The ‘tax point’ is the date that VAT becomes due to HMRC on a transaction. For educational supplies that are continuous in nature, the tax-point is the date that payment is received.
Under current VAT legislation independent schools provide exempt supplies of educational services. With regard to school fees tax-points have been largely irrelevant, other than the impact on the completion of any partial exemption calculations undertaken. However, the application of this rule means that there is an opportunity for schools to protect their exempt status on educational services by receiving the school fees in advance.
Here is a practical example to illustrate, the figures used are purely to help understand the principle involved.
In the above example, the pupil would receive exempt school education for the full amount of the payment (£130,000), irrespective of whether the government applies VAT on fees from 1 September 2025.
This is because the tax point for these exempt supplies have been fixed at 1 September 2023, therefore VAT cannot be levied on that amount paid to the school. Consequently, until that £130,000 runs out all of the educational services provided by the school will be exempt from VAT.
It is important to note that a tax-point is created by the payment being made in advance, the school must have full unfettered use of the income rather than a payment being held in an escrow account.
As with all payments in advance there is a note of caution, it is worth mapping out potential scenarios to plan effectively. If the government announce on 1 April 2025 that VAT will be applied to school fees from 1 September 2025, , there is likely to be anti-forestalling legislation introduced at the same time. We would expect that this legislation would block the effect of making payments in advance from the date of the announcement. Therefore, it would only be pre-payments received by the school before the announcement (1 April 2025) that would be treated as VAT exempt.
It is important to remember when establishing a fees in advance scheme that it needs to be carefully managed. The discount rate applied should be set at a level where the school does not experience a loss on this transaction. Many schools already operate such schemes and if managed properly they can be attractive to parents whilst also helping the school’s cashflow. However, they are not without risk. It should be remembered that whilst you may use the cash balances taken they do need to be available to meet the operational cashflow needs of the school on a timely basis. You may attract significant sums which heightens the possible money laundering risks, and in the event of a closure of a school due to financial difficulties, the parent may lose their funds.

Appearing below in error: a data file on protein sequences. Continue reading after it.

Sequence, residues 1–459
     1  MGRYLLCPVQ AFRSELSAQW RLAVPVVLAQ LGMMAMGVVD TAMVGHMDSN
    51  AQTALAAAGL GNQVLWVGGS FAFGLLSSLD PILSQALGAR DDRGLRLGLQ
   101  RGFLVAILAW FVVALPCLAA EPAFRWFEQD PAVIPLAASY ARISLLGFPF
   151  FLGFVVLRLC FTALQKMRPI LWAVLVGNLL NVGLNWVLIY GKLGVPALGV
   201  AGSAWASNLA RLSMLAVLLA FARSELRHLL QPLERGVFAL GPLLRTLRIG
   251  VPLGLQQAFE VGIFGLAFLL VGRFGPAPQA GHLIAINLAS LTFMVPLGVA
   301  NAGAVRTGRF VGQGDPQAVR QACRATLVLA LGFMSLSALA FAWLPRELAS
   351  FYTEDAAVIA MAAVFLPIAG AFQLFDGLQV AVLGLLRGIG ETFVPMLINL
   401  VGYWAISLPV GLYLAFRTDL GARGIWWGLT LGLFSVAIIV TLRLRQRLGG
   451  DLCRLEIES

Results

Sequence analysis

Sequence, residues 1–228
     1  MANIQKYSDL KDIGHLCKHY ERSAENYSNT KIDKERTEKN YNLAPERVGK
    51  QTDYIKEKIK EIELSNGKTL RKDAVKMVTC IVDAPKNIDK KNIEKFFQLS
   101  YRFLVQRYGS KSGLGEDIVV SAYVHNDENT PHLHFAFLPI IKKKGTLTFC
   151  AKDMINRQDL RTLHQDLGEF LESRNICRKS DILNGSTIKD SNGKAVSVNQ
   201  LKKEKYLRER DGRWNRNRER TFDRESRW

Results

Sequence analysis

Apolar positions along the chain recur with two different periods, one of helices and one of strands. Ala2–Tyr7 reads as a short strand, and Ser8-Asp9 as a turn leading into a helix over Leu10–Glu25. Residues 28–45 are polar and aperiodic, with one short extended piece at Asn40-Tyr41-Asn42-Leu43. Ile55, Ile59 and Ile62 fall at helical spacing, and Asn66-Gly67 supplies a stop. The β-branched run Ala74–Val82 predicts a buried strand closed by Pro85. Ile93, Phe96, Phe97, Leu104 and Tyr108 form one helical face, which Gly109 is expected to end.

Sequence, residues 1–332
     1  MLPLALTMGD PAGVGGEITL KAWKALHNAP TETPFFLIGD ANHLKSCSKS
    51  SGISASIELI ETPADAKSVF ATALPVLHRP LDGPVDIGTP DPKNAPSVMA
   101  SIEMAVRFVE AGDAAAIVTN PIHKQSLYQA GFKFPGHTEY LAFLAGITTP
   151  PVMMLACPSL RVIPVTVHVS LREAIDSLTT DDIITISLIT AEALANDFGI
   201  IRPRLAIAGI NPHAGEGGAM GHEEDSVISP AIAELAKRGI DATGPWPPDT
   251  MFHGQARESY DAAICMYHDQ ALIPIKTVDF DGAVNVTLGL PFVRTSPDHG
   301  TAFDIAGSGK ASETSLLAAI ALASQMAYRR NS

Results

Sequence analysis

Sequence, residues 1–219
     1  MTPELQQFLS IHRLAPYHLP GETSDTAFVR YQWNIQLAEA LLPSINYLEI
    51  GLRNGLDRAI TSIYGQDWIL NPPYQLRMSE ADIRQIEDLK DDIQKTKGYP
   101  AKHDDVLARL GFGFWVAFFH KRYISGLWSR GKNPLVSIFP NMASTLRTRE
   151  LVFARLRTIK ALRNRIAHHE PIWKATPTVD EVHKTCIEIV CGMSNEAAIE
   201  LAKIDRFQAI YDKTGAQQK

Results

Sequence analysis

If VAT is applied to education it may still be possible to retain exemption over some services that fall under childcare through the current welfare exemption, providing that these services are supplied under a separate contract for a separate fee. Using a separate company to provide the care services would add a further degree of separation. For instance, it is entirely possible that a separate company could have a separate contract for exempt residential boarding services or even for other pre or post school care, that are provided for a separate fee to achieve exemption over these services.
Whilst this might work for VAT, the practicalities of implementing this need to be carefully considered. Think about how the staffing (and the named employer) would need to be structured to match these two independent services so that pitfalls are not encountered. How would this fit within the pricing model of the school? In many boarding schools there is not a significant differentiation between a boarding fee and a day fee to keep boarding remaining attractive, if the childcare element was removed this could result in the school needing to look at its pricing structure for day and boarding students to ensure that both the childcare and educational elements properly reflect these services and prevent the school from losing fee income.
The ripple effect of trying to manage the VAT position for any school needs to be carefully explored before any changes are implemented. It is crucial to consider any unintended consequences that could arise or barriers to achieving the school’s strategy.
Finally this article is written with the present VAT legislation and we cannot foresee what law changes or anti-avoidance measures may be introduced on areas which are presently treated as being 'closely related to the main supply of exempt education'.
Although the present government has made it clear that it has no intention of introducing VAT on school fees, it is part of The Labour Party’s manifesto should it be elected, to apply VAT to the sector as well as removing schools charitable status. Nothing here is certain but this is certainly a subject for schools to consider for the future.
If you would like to discuss this issue further, please contact Robert Warne, or your usual Crowe contact.
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